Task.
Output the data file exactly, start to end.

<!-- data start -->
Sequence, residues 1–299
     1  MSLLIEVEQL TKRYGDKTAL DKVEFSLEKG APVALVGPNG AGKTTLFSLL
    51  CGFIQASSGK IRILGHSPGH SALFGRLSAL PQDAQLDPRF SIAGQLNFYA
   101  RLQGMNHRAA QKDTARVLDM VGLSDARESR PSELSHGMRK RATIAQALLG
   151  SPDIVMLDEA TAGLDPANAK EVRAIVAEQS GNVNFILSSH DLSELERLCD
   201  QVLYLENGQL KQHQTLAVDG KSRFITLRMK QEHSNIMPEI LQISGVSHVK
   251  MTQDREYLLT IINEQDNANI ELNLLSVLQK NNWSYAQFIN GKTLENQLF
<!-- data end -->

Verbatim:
Sequence, residues 1–299
     1  MSLLIEVEQL TKRYGDKTAL DKVEFSLEKG APVALVGPNG AGKTTLFSLL
    51  CGFIQASSGK IRILGHSPGH SALFGRLSAL PQDAQLDPRF SIAGQLNFYA
   101  RLQGMNHRAA QKDTARVLDM VGLSDARESR PSELSHGMRK RATIAQALLG
   151  SPDIVMLDEA TAGLDPANAK EVRAIVAEQS GNVNFILSSH DLSELERLCD
   201  QVLYLENGQL KQHQTLAVDG KSRFITLRMK QEHSNIMPEI LQISGVSHVK
   251  MTQDREYLLT IINEQDNANI ELNLLSVLQK NNWSYAQFIN GKTLENQLF